02-24-2023 06:27 AM
I’m looking at Canon’s macro lenses and I don’t know which one would be best. I was looking at the RF35mm F1.8, the RF24mm F1.8, and the RF85mm F2. I really want to get those close up detailed shots of flowers/bugs/small things. I understand that their ratio is 1:2 (I think), and 1:1 is preferred but it’s the price range for why I’m looking at these ones
02-24-2023 07:01 AM - edited 02-24-2023 07:08 AM
I have the 35mm f/1.8 and it's a great lens, small, light, great optics and the 1:2 macro is a bonus. But it's not ideal for pictures of bugs. That half life-size image is achieved at a distance from the subject of only about two inches - at which point your bug has taken fright and flown off.
Of the three lenses you've suggested, I would recommend the 85mm, you'll get half lifesize images at around five inches distance from your subject, still close but preferable, I think. It also makes a really great portrait lens.
Of course what you really want is the very wonderful RF 100mm f/2.8 L, which can focus to 1.4:1, bigger than lifesize. And you get even more separation from your subject than the 85mm. But you pay a lot more.
You haven't told us which camera you have, presumably one of the R series of mirrorless cameras judging by the lenses you're considering.
A common problem with macro photography is getting enough light to the subject. Depth of field is very limited at very close distances, it's usual to stop the lens down to get the maximum depth of field, and you need high shutter speeds to freeze your subject and a tripod to prevent camera shake. So you need high ISO setting. Many photographers will use flash, perhaps a macro ringflash, to light their subject.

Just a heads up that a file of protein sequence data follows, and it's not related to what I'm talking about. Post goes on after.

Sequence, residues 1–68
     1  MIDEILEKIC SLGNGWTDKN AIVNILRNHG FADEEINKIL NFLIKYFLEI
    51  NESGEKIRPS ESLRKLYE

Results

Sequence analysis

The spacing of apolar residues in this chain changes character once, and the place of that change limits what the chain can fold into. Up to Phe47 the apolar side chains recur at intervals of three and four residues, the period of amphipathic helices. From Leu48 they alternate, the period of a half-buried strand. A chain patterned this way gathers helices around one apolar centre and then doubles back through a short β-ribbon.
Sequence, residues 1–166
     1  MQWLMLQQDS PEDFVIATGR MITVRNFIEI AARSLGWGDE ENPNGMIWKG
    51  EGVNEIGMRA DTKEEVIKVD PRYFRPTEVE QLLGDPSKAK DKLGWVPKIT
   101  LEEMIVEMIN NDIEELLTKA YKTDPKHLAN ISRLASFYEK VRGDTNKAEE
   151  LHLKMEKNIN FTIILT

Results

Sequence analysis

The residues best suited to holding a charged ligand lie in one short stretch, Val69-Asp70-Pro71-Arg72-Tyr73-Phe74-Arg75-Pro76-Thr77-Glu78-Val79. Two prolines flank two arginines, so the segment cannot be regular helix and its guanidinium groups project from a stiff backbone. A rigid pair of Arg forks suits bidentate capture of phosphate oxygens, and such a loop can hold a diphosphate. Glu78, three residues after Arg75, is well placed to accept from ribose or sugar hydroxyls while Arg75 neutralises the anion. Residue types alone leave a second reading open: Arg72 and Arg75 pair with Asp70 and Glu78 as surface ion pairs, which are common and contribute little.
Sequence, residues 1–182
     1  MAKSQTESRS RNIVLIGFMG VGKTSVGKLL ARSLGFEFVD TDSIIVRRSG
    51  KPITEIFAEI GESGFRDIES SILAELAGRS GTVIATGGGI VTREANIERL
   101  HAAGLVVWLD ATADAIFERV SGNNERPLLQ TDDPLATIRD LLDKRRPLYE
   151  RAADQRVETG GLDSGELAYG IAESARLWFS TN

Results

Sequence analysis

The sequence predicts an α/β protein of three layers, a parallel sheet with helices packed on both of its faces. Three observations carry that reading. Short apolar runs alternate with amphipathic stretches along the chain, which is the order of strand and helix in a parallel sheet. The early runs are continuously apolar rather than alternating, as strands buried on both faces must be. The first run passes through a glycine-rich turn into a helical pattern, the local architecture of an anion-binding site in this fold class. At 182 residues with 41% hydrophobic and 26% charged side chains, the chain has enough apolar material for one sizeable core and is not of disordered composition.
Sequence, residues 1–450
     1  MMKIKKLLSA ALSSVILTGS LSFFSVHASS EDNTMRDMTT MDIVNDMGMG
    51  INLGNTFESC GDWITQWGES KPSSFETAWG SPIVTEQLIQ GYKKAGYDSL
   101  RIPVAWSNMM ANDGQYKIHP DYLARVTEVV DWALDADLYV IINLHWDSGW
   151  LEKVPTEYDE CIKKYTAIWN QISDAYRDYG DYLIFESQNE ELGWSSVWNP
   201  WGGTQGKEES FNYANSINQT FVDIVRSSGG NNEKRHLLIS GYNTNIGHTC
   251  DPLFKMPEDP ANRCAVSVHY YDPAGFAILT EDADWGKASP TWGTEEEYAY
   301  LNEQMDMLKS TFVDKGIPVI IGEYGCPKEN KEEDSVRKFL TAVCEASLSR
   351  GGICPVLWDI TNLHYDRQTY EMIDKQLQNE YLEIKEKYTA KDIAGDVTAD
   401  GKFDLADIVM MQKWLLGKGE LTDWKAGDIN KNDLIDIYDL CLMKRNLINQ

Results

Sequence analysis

Macro photography can be challenging but if you have the new EOS R6mkII, you have in-camera focus stacking which is rather wonderful. The camera takes a series of photos, changing the focus slightly between each, and then combines the in-focus parts of each photo into one aggregate shot, with the entire subject in focus. All in a couple of seconds. It's a fantastic feature, as far as I know no other camera can do the whole job in one step. And it gets little attention in the reviews, it's often overlooked which is a great pity.
02-24-2023 10:29 AM
Agree with JoeySnaps. This is one of those cases where saving and budgeting for the lens that will make the difference can really matter. The RF100 2.8L is a nice lens. Its EF predecessor is also exceptional for bugs, flowers, etc. The RF 100 also introduces an SA Control Ring.
If budget cannot be pushed, I'd go with the 35 or 85 depending on your other use cases. 35 if street and landscapes or 85 if you do a lot of portraiture.
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